Beginning with history related to school-based speech-language pathology services -- including a discussion of legal mandates (e.g., the Individuals with Disabilities Education Improvement Act, No Child Left Behind Act, Every Student Succeeds Act, and the Americans with Disabilities Act) -- the text then delves into a description of service delivery models; an introduction to the concept of a workload analysis approach to caseload standards in schools and example implementation strategies; a display of concrete, real-life success stories; and an offering of strategies for using evidence-based practice, proactive behavior management, conflict resolution, professional collaboration, conferencing and counseling skills, cultural competencies, goal writing, informal assessment procedures, and creating testing accommodations. A new chapter provides the evidence base for links between language, literacy, and the achievement of school standards. This chapter is a must-read for every school speech-language pathologist.
Real-life scenarios based on experiences shared by public school speech-language pathologists give the reader concrete examples upon which to scaffold the complex professional concepts. Chapter summaries provide an overview of the major points presented. Questions at the end of each chapter are designed to engage the reader in analysis and comprehension of material, and vocabulary related to each chapter is conveniently defined at the start of each chapter so that the reader can better grasp the subject matter within.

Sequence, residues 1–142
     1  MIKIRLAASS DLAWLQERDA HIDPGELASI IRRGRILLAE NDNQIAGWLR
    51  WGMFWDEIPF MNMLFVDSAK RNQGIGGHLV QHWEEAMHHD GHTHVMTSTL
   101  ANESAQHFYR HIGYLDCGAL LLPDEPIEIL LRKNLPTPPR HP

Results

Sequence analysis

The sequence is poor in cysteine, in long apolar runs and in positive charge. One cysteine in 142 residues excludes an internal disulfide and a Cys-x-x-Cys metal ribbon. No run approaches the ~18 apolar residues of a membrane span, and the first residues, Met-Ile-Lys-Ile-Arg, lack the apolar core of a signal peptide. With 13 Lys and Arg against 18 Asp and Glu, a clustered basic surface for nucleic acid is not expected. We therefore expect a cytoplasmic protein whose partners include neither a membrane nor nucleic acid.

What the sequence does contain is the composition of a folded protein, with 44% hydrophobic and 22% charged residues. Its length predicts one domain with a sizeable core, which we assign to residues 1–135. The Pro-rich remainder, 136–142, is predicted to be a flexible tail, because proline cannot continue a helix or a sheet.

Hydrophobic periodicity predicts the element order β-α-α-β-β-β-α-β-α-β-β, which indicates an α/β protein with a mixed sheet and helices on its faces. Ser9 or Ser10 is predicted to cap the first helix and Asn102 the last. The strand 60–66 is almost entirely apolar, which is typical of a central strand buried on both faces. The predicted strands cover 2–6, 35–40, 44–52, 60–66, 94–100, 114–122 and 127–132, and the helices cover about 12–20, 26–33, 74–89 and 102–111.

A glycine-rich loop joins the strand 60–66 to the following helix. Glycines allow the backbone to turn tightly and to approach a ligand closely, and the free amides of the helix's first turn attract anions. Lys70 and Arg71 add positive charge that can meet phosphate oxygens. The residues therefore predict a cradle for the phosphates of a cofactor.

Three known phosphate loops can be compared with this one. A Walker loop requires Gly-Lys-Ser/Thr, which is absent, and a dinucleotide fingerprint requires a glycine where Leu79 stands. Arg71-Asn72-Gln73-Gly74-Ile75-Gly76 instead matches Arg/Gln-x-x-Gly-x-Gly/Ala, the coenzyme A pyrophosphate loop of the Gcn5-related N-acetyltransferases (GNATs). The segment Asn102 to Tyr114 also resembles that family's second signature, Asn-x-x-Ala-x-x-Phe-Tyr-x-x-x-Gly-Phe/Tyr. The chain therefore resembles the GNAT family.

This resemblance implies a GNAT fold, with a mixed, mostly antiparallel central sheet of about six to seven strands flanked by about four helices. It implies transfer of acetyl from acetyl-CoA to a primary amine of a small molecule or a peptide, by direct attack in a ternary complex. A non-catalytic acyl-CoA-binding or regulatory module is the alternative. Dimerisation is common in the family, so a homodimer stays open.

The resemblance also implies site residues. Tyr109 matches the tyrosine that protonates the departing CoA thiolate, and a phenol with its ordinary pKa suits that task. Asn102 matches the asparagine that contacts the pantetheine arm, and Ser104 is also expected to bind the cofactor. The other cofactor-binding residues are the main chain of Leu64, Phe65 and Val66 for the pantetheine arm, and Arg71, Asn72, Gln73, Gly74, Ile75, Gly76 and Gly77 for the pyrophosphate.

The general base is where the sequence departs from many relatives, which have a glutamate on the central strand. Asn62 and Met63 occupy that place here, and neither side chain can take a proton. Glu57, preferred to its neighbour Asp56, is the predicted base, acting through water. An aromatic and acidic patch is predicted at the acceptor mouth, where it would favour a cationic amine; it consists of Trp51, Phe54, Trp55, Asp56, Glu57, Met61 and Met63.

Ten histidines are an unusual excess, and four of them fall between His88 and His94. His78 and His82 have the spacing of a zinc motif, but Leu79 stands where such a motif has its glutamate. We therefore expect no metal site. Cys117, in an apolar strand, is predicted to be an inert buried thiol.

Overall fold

New to this edition:A chapter on linking language, literacy, and the Common Core State StandardsPertinent information about the Every Student Succeeds Act of 2015The addition of four online resourcesThe addition of 10 new evidence-based practicesMore than 130 new referencesAn updated appendix of free Apps* Disclaimer: Please note that ancillary content (such as documents, audio, and video, etc.) may not be included as published in the original print version of this book.
There are very few books about evoked potentials and objective measures in cochlear implants, making this a great resource for audiology graduate students or seasoned audiologists with little cochlear implant experience.